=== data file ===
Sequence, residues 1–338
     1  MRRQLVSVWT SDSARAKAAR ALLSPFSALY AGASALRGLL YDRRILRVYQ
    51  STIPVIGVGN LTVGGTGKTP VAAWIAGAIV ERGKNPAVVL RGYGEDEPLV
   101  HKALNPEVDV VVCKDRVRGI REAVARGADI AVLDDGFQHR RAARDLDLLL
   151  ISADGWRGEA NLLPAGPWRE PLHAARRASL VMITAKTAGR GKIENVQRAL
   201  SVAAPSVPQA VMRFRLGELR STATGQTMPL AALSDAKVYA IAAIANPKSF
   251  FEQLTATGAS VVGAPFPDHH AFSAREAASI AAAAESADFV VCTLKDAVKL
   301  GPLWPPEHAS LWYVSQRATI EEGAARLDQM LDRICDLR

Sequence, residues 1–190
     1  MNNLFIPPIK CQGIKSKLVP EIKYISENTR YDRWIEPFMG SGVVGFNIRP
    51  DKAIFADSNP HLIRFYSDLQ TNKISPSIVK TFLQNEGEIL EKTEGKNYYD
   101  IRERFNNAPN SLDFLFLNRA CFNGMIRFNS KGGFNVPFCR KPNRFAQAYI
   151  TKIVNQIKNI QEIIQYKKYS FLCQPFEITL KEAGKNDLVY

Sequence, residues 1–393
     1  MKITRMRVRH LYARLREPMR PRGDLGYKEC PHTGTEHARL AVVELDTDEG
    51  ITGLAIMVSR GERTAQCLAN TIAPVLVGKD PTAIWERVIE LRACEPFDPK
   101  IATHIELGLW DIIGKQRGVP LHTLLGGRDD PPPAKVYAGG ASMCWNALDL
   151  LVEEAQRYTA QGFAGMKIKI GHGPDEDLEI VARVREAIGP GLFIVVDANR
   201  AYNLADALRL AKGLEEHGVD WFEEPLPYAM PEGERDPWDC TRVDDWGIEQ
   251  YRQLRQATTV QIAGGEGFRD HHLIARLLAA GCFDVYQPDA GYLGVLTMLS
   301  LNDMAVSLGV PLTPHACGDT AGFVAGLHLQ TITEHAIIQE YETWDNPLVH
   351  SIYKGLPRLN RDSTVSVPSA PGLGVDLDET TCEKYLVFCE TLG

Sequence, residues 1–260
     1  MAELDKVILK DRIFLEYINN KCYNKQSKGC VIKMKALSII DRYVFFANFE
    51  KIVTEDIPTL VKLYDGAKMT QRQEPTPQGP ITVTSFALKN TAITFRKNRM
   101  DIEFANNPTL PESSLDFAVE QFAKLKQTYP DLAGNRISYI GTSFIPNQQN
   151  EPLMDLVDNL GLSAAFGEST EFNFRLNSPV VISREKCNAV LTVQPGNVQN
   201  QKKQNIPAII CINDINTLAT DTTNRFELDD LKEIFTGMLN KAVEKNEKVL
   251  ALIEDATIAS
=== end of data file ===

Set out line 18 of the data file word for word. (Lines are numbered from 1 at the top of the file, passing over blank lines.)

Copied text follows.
   151  LVEEAQRYTA QGFAGMKIKI GHGPDEDLEI VARVREAIGP GLFIVVDANR